Nunes v. Rushton, No. 2:2014cv00627 - Document 297 (D. Utah 2018)
Court Description: MEMORANDUM DECISION AND ORDER ON MOTIONS IN LIMINE:granting 261 Nunes's motion to exclude evidence of settlement offers and conduct or statements made during settlement negotiations; granting in part and denying in part 263 N unes's motion to exclude evidence of her actions; denying 264 Nunes's motion to exclude evidence of Rushton's finances; denying 265 Nuness motion to exclude evidence related to Rushton's failed affirmative defenses; granting 271 Nunes's motion to exclude evidence of efforts to exclude evidence; denying 272 Rushton's motion to exclude evidence of her sock puppet accounts and online comments; granting 262 Nunes's motion to prevent Rushton from offe ring expert testimony ; denying 268 Nunes's motion to prevent Rushton from offering lay opinion testimony; denying 266 Nunes's motion to exclude evidence of Rushton's mental health issues. Signed by Judge Jill N. Parrish on 5/14/2018. (jds) Modified on 5/14/2018 (jds).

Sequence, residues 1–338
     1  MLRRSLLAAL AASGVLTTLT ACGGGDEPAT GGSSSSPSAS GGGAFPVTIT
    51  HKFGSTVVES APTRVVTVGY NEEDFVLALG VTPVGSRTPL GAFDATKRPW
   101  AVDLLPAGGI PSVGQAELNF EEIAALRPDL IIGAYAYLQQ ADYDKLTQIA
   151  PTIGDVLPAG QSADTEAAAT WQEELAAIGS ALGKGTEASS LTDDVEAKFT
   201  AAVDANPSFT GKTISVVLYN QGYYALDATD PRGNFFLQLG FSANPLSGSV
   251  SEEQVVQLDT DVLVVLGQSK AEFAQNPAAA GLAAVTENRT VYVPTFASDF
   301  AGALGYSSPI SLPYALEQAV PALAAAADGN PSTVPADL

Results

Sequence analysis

Nunes v. Rushton Doc. 297 IN THE UNITED STATES DISTRICT COURT FOR THE DISTRICT OF UTAH RACHEL NUNES MEMORANDUM DECISION AND ORDER ON MOTIONS IN LIMINE Plaintiff, Case No. 2:14-cv-00627-JNP-DBP v. District Judge Jill N. Parrish TIFFANIE RUSHTON Defendant. Tiffanie Rushton infringed Rachel Nunes’s copyright to her novel, A Bid for Love. The only issues remaining for trial are whether the infringement was willful within the meaning of 17 U.S.C. § 504(c)(1) and the amount of statutory damages to be awarded to Nunes. Before the court are eight motions to exclude evidence filed by Nunes and one motion to exclude evidence filed by Rushton. The court shall first address the standards applicable to the willfulness and statutory damages issues. The court will then address each motion in turn. I. LEGAL STANDARDS A copyright infringer may be held liable for statutory damages. 17 U.S.C. § 504(a). Ordinarily, statutory damages may be awarded “in a sum of not less than $750 or more than $30,000.” Id. § 504(c)(1). But if the copyright owner proves that the infringement “was committed willfully,” statuary damages may be awarded in an amount not to exceed $150,000. Id. § 504(c)(2). Both willfulness and the amount of statutory damages are jury questions. Feltner v. Columbia Pictures Television, Inc., 523 U.S. 340, 355 (1998). Dockets.Justia.com In order to show that infringement was willful, the plaintiff must prove that the defendant either knew that his or her conduct constituted copyright infringement or recklessly disregarded the possibility that his or her conduct constituted copyright infringement. See Bryant v. Media Right Prods., Inc., 603 F.3d 135, 143 (2d Cir. 2010); Unicolors, Inc. v. Urban Outfitters, Inc., 853 F.3d 980, 991 (9th Cir. 2017); Yellow Pages Photos, Inc. v. Ziplocal, LP, 795 F.3d 1255, 1272 (11th Cir. 2015); 4 MELVILLE B. NIMMER & DAVID NIMMER, NIMMER ON COPYRIGHT § 14.04[B][a] (Rev. Ed. 2017). Additionally, the jury is free to consider a number of factors when determining the amount of a statutory damage award. The Supreme Court has recognized that the statutory damages clause of the Copyright Act affords the “necessary flexibility to do justice” when it is difficult or impossible to calculate actual damages. F. W. Woolworth Co. v. Contemporary Arts, 344 U.S. 228, 232–33 (1952); see also Douglas v. Cunningham, 294 U.S. 207, 209 (1935) (reasoning that the statutory damages provision was adopted “to give the owner of a copyright some recompense for injury done him, in a case where the rules of law render difficult or impossible proof of damages or discovery of profits”). The Court further recognized that even in cases where infringement does not damage the copyright holder or enrich the infringer, a statutory award is appropriate to vindicate the policies animating the Copyright Act, including “to discourage wrongful conduct.” Woolworth Co., 344 U.S. at 233. Lower courts have further enumerated factors that a jury may consider when awarding statutory damages. A district court in the First Circuit, for example, instructed a jury that it could consider, among other things: the nature of the infringement; the defendant’s purpose and intent, the profit that the defendant reaped, if any, and/or the expense that the defendant saved; the revenue lost by the plaintiff as a result of 2 the infringement; the value of the copyright; the duration of the infringement; the defendant’s continuation of infringement after notice or knowledge of copyright claims; and the need to deter this defendant and other potential infringers. Sony BMG Music Entm’t v. Tenenbaum, 660 F.3d 487, 503–04 (1st Cir. 2011). The Fourth Circuit similarly held that a jury was correctly instructed that it could consider any actual damages as well as any evidence that the defendants have a history of copyright infringement; any evidence that the defendants are apparently impervious to either deterrence or rehabilitation; the extent of the defendant’s knowledge of the copyright laws; any misleading or false statements made by the defendants; . . . and any factor which the jury believes evidences the defendants knew, had reason to know, or recklessly disregarded the fact that its conduct constituted copyright infringement. Superior Form Builders, Inc. v. Dan Chase Taxidermy Supply Co., 74 F.3d 488, 496 (4th Cir. 1996) (alteration in original). Finally, the Second Circuit has held that when determining the amount of statutory damages to award for copyright infringement, courts consider: (1) the infringer’s state of mind; (2) the expenses saved, and profits earned, by the infringer; (3) the revenue lost by the copyright holder; (4) the deterrent effect on the infringer and third parties; (5) the infringer’s cooperation in providing evidence concerning the value of the infringing material; and (6) the conduct and attitude of the parties. Bryant v. Media Right Prods., Inc., 603 F.3d 135, 144 (2d Cir. 2010); see also Marshall v. Marshall, No. 08 CV 1420 LB, 2012 WL 1079550, at *26 (E.D.N.Y. Mar. 30, 2012), aff’d, 504 F. App’x 20 (2d Cir. 2012) (ruling that “‘statutory damages cannot be divorced from economic reality’ and ‘should bear some relationship to actual damages suffered’” (citation omitted)). In summary, the jury has broad discretion to consider many factors when fixing the amount of a statutory damages award, including (1) the amount of any actual damages to the copyright holder or any profits obtained by the infringer, (2) any difficulties in proving either 3 damages or profits, (3) the infringer’s state of mind, (4) the nature of and circumstances surrounding the infringement, (5) the conduct and attitude of the parties in relation to the infringement, and (6) deterrence. II. MOTION TO EXCLUDE SETTLEMENT OFFERS AND NEGOTIATIONS Pursuant to Rule 408 of the Federal Rules of Evidence, Nunes moves to exclude evidence of any settlement offers and any conduct or statements made during settlement negotiations. Rule 408 excludes offers to compromise a claim as well as conduct or statements made during compromise negotiations “either to prove or disprove the validity or amount of a disputed claim or to impeach by a prior inconsistent statement.” Any settlement offers made in this case fall squarely within this rule. Settlement negotiations could only be relevant to the amount of the statutory damages award. Rule 408 prohibits the use of settlement negotiations to prove the amount of statutory damages to award. The cases cited by Rushton to support her argument that evidence of settlement negotiations should be introduced at trial are not persuasive. First, Rushton cites Warner Bros. Inc. v. Dae Rim Trading, Inc., 877 F.2d 1120 (2d Cir. 1989). In that case, the Second Circuit noted that the defendant had offered to settle the case and held that “the overall history of the litigation” justified the district court’s decision to award $100 in statutory damages. Id. at 1122, 1126. But the Second Circuit never considered Rule 408, and it appears that the parties in that case never raised it. Warner Bros. cannot be persuasive authority on a point of law it did not contemplate. Moreover, the district court in Warner Bros. decided the issue of statutory damages, not a jury. Second, Rushton cites Fortgang v. Pereiras Architects Ubiquitous LLC, No. CV163754ADSAYS, 2018 WL 1832184, at *4 (E.D.N.Y. Mar. 9, 2018). But that case only held “that Rule 408 does not bar consideration of settlement discussions in the context of determining 4 whether attorneys’ fees are appropriate under Section 505 of the Copyright Act.” Id. at *4. It says nothing about submitting evidence of settlement negotiations to a jury when determining the amount of statutory damages. The court, therefore, concludes that Rule 408 prohibits a jury from considering evidence of settlement offers and settlement negotiations when setting the amount of statutory damages. The court GRANTS Nunes’s motion to exclude this evidence. MOTION TO EXCLUDE EVIDENCE OF NUNES’S ACTIONS III. Next, Nunes moves to exclude evidence of her actions and statements. This motion is very broad and indefinite, but she appears to request the exclusion of two general categories of evidence. First, Nunes seeks to exclude evidence of her pre-litigation efforts to investigate Rushton’s identity, her online comments about Rushton’s infringement, her efforts to raise money to sue Rushton, her motives for suing Rushton, and any ancillary benefits she may have derived from the infringement controversy. Nunes argues that this evidence should be excluded under Rules 401 and 402 because it is not relevant. “Evidence is relevant if: (a) it has any tendency to make a fact more or less probable than it would be without the evidence; and (b) the fact is of consequence in determining the action.” FED. R. EVID. 401. As noted above, the scope of the evidence that the jury may consider in fixing the amount of a statutory damages award is very broad. The jury, for example, may weigh the conduct and attitude of the parties in relation to the infringement. Thus, the jury may consider Nunes’s actions in investigating and responding to Rushton’s infringement. Indeed, Nunes has indicated that she intends to introduce a number of Rushton’s online posts, book reviews, and emails in order to show her bad conduct both before and after her infringing activities were discovered. Because 5 Rushton’s posts and emails were in response to Nunes’s internet posts, emails, and fundraising activities, Nunes’s internet activities are also relevant to provide context to Rushton’s online posts. Nunes also argues that her pre-litigation activities should be excluded under Rule 403. Under this rule, the “court may exclude relevant evidence if its probative value is substantially outweighed by a danger of one or more of the following: unfair prejudice, confusing the issues, misleading the jury, undue delay, wasting time, or needlessly presenting cumulative evidence.” FED. R. EVID. 403. Nunes contends in a cursory manner that evidence of Rushton’s pre-ligation actions have no probative value and would serve no purpose other than to distract the jury from the issues it must decide. As noted above, however, the evidence is probative of the issue of statutory damages. And Nunes has failed to identify any unfair prejudice that would be caused by the introduction of the evidence. The court, therefore, declines to exclude the evidence under Rule 403. Second, Nunes seeks to exclude evidence of the discovery conduct of the parties in this litigation as well as evidence of the attorney fees incurred by Rushton. Nunes argues that the evidence should be excluded as irrelevant under Rules 401 and 402. The court disagrees. Evidence of the legal fees incurred by Rushton is relevant to the issue of deterrence. The jury may properly conclude that these litigation expenses will discourage Rushton and other individuals from copyright infringement in the future, reducing the need for a large statutory damage award to serve as a deterrent. Moreover, if the amount of Rushton’s legal bill is admitted into evidence, evidence of the discovery conduct of the parties may be relevant to determine whether the fees were reasonably incurred. Thus the litigation conduct of the parties is at least tangentially relevant to the issue of statutory damages. 6 But the court concludes that evidence of legal fees and the litigation conduct of the parties should be excluded under Rule 403. Both the litigation conduct of the parties and the legal fees incurred are driven largely by the decisions made by counsel for both Nunes and Rushton. Thus evidence of how the attorneys have chosen to pursue or defend claims and the resulting fees are not very probative of the conduct and attitude of the parties related to the infringing conduct. Additionally, if the court permits a mini-trial in which the parties accuse each other of bad litigation conduct or running up the amount of attorney fees required to resolve this case, there is a substantial danger of confusing the jury, wasting time, and unfairly prejudicing the jury based upon the conduct of the attorneys, rather than the conduct of the parties. Under Rule 403, therefore, the court excludes evidence of the litigation conduct of the parties and the amount of attorney fees and costs incurred by either Rushton or Nunes. IV. MOTION TO EXCLUDE EVIDENCE OF RUSHTON’S FINANCES Nunes also moves to exclude evidence of Rushton’s finances and the fact that she declared bankruptcy. Nunes argues that this evidence is irrelevant under Rules 401 and 402 and that it is unfairly prejudicial under Rule 403. The court disagrees. Evidence of Rushton’s wealth or poverty is relevant to the issue of the amount of statutory damages necessary to deter her from future copyright infringement. And given that this evidence is highly probative of the issue of deterrence, it outweighs any unfair prejudice in the form of undue sympathy towards Rushton for her financial difficulties. The court, therefore, denies Nunes’s motion to exclude evidence of Rushton’s finances and bankruptcy filing. 7 V. MOTION TO EXCLUDE EVIDENCE RELATED TO AFFIRMATIVE DEFENSES In its order on the motions for summary judgment, [Docket 256], the court struck Rushton’s affirmative defenses. Nunes now moves to exclude evidence related to these affirmative defenses under Rules 401, 402, and 403. First, Nunes seeks to exclude evidence that would support Rushton’s fair use defense to the copyright infringement claim. Because the court struck this affirmative defense and found Rushton to be liable for copyright infringement, evidence that the elements copied from Nunes’s novel constituted fair use cannot be offered for the purpose of avoiding liability. But evidence of fair use may be relevant to another issue: whether the infringement was willful. If Rushton reasonably believed that she did not infringe Nunes’s copyright because her actions fell within the fair use exception, her infringement would not be willful. Evidence of fair use would be highly probative of Rushton’s willfulness under this scenario. The court, therefore, denies Nunes’s motion to exclude evidence of fair use at this time. Second, Nunes asks the court to exclude evidence supporting Rushton’s other affirmative defenses of comparative fault, estoppel, laches, unclean hands, and failure to mitigate damages. But Nunes does not identify the specific evidence that she seeks to exclude. Although Rushton may not pursue an estoppel or unclean hands defense at trial, evidence that may be relevant to one of the excluded defenses may also be relevant to one of the issues remaining to be resolved by the jury. Because Nunes has not identified precisely what evidence she wishes to exclude, the 8 court is unable to evaluate her motion. Thus the court denies her request to exclude evidence relevant to the affirmative defenses stricken by the court.1 MOTION TO EXCLUDE EFFORTS TO EXCLUDE EVIDENCE VI. Nunes moves to exclude this court’s orders to exclude evidence. She also moves to exclude any unsuccessful motions to exclude evidence. At oral argument, Rushton conceded that evidence of efforts to exclude evidence should be excluded. The court, therefore, grants this motion. VII. MOTION TO EXCLUDE EVIDENCE OF RUSHTON’S ONLINE COMMENTS Rushton moves to exclude evidence of her sock puppet accounts and her various internet comments in which she criticizes Nunes’s books, Nunes’s efforts to investigate the copyright infringement of her novel, and Nunes’s efforts to raise money to sue Rushton. Rushton argues that this evidence should be excluded because it is either irrelevant under Rules 401 and 402 or unfairly prejudicial under Rule 403. At oral argument, Rushton conceded that the online comments that she made before Nunes discovered the infringement should not be excluded. Rushton argued, however, that comments made after Nunes discovered the infringement are irrelevant to the issues in this case. The court disagrees. Rushton’s post-discovery comments are relevant to both her state of mind when she infringed the copyright and to the issue of statutory damages. Rushton’s online comments can be interpreted as attempts to hide her identity, intimidate Nunes, and discourage At oral argument, counsel for Nunes suggested that this motion overlapped, in large part, with the motion to exclude evidence of Nunes’s actions and motivations. To the extent that this motion to exclude evidence related to the stricken affirmative defenses replicates Nunes’s motion to exclude evidence of her actions, it meets the same fate. See, supra, Part III. 1 9 Nunes from pursuing her investigation and subsequent lawsuit. Rushton’s attempts to cover up her infringement of Nunes’s novel are relevant to the issue of the willfulness of the infringement. If Rushton believed that she had done nothing wrong, she would not have a strong incentive to hide her identity or thwart Nunes’s investigation. Additionally, Rushton’s internet comments in the days and weeks after Nunes discovered the infringement are relevant to the issue of the amount of statutory damages to award. Both Rushton’s state of mind and her actions in relation to the infringement are factors that the jury may consider. Rushton also argues that the internet comments are unfairly prejudicial under Rule 403. She suggests that jurors will frown upon her use of sock puppet accounts to make anonymous internet posts and that they may view the posts as rude or bullying. But the jury has broad discretion to evaluate Rushton’s actions in relation to the infringement when fixing the amount of the statutory damage award. The anonymity of the posts and their bullying tone are therefore relevant to issues before the jury and any prejudice to Rushton would not be unfair. The court declines to exclude the online comments under Rule 403. Thus, the court denies Rushton’s motion to exclude evidence of the sock puppet accounts and her online comments. VIII. MOTION TO EXCLUDE EXPERT TESTIMONY Nunes moves for an order prohibiting Rushton from presenting expert testimony because she did not designate any experts within the deadlines established in the scheduling order. Rushton concedes that she has not designated an expert and does not oppose the motion to exclude expert testimony. The court, therefore, grants the motion. 10 Rushton has notified Nunes that she intends to call her treating doctor as a fact witness. The doctor may only testify as to facts of which he has personal knowledge, including his diagnosis and any treatment that he prescribed. IX. MOTION TO EXCLUDE RUSHTON’S LAY OPINION TESTIMONY Nunes also moves for an order prohibiting Rushton from giving Rule 701 lay opinions regarding her mental health issues. During depositions, counsel for Nunes asked Rushton about her mental health and how it related to the issues in this case. Nunes argues that Rushton did not adequately respond to these deposition questions, responding that “I’m no expert” or I don’t know.” Nunes contends that these evasive responses require the court to sanction Rushton under Rule 37(c)(1) of the Federal Rules of Civil Procedure. Rule 37(c)(1) provides: “If a party fails to provide information or identify a witness as required by Rule 26(a) or (e), the party is not allowed to use that information or witness to supply evidence on a motion, at a hearing, or at a trial, unless the failure was substantially justified or is harmless.” Rule 26(a), in turn, requires parties to make initial disclosures of the identity of individuals who may have discoverable information, documents and tangible things that may be used to support a claim or defense, computations of each category of damages, and any insurance agreement that may be used to satisfy a potential judgment. Rule 26(e) requires a party to supplement or correct these initial disclosures if the party discovers that a disclosure is incomplete or incorrect. Rule 37(c)(1) has no application here. A court may only sanction a party under this rule for a failure to make initial or supplementary disclosures of witnesses or documents as required by Rule 26(a) and (e). The initial and supplementary disclosure requirement of Rule 26 does not govern the adequacy of responses to deposition questions. The court, therefore, denies the 11 motion to exclude Rushton’s Rule 701 lay testimony. The appropriate remedy for any evasive deposition testimony is cross-examination at trial. X. MOTION TO EXCLUDE EVIDENCE OF RUSHTON’S MENTAL HEALTH ISSUES Finally, Nunes moves to exclude evidence that Rushton suffers from mental health issues. Specifically, Nunes wishes to exclude the fact that Rushton has been diagnosed with bipolar disorder, as well as Rushton’s lay testimony as to how she felt before she began taking medication for her disorder (i.e. the period of time when she infringed Nunes’s copyright) and how she felt after she began taking medication. Nunes argues that this evidence is not relevant under Rules 401 and 402. But evidence of a mental disability may be relevant to the issues of whether Rushton recklessly disregarded the possibility that her conduct constituted copyright infringement. RESTATEMENT (THIRD) OF TORTS: PHYS. & EMOT. HARM § 2 cmt. c (2010) (“While . . . mental disability [is] ordinarily not taken into account in assessing whether the actor’s conduct is negligent . . . , when the issue is the actor’s recklessness the question to be considered is whether the risk would have been obvious to . . . others suffering from a like mental disability.”). Moreover, Rushton’s diagnosis of bipolar disorder is relevant to the issue of statutory damages. One factor the jury may consider in fixing the amount of statutory damages is deterrence. Rushton has indicated that she intends to prove that her bipolar disorder contributed to her copyright infringement and that her disorder has since been controlled through medication. The jury may consider this evidence and conclude that it diminishes the need to award a large amount of statutory damages to deter future infringing conduct. Thus the court declines to exclude the evidence under Rules 401 and 402. 12 Nunes also moves to exclude evidence of Rushton’s mental health under Rule 403. Nunes contends that without the guidance of expert testimony, lay testimony about mental health issues may confuse the jury or lead to unfair prejudice. As noted above, however, the lay mental health testimony is probative of the issues to be decided by the jury. The court concludes that the probative value of this evidence is not substantially outweighed by any danger of unfair prejudice. Finally, Nunes argues that Rushton cannot present lay testimony about her mental health issues because only expert testimony may be admitted on this issue. The court disagrees. It is true that expert testimony is required to prove certain issues, including medical standards of care and a breach of this standard, as well as the nexus between an injury and its cause in cases where causation would not be obvious to a juror. Wills v. Amerada Hess Corp., 379 F.3d 32, 46 (2d Cir. 2004); Lee v. United States, No. 2:09CV544DN, 2012 WL 2419954, at *1 (D. Utah June 26, 2012). But Rushton has provided no authority for the proposition that evidence of mental health issues must always be presented by an expert. Nor has she presented authority that individuals should be prohibited from testifying about their mental processes and their general mental state, especially where the individual’s state of mind is a central issue in the case. Absent any clear authority, the court declines to break new ground on this issue and denies Nunes’s motion to exclude lay testimony about Rushton’s mental health and state of mind. CONCLUSION For the forgoing reasons, the court ORDERS as follows: (1) The court GRANTS Nunes’s motion to exclude evidence of settlement offers and conduct or statements made during settlement negotiations. [Docket 261]. 13 (2) The court DENIES IN PART AND GRANTS IN PART Nunes’s motion to exclude evidence of her actions. The court denies the portion of the motion that seeks to exclude her pre-litigation actions, statements, and motives. The court grants the motion to the extent that it seeks to exclude litigation conduct, costs, and attorney fees. [Docket 263]. (3) The court DENIES Nunes’s motion to exclude evidence of Rushton’s finances. [Docket 264]. (4) The court DENIES Nunes’s motion to exclude evidence related to Rushton’s failed affirmative defenses. [Docket 265]. (5) The court GRANTS Nunes’s motion to exclude evidence of efforts to exclude evidence. [Docket 271]. (6) The court DENIES Rushton’s motion to exclude evidence of her sock puppet accounts and online comments. [Docket 272]. (7) The court GRANTS Nunes’s motion to prevent Rushton from offering expert testimony. [Docket 262]. (8) The court DENIES Nunes’s motion to prevent Rushton from offering lay opinion testimony. [Docket 268]. (9) The court DENIES Nunes’s motion to exclude evidence of Rushton’s mental health issues. [Docket 266]. Signed May 14, 2018. BY THE COURT ______________________________ Jill N. Parrish United States District Court Judge 14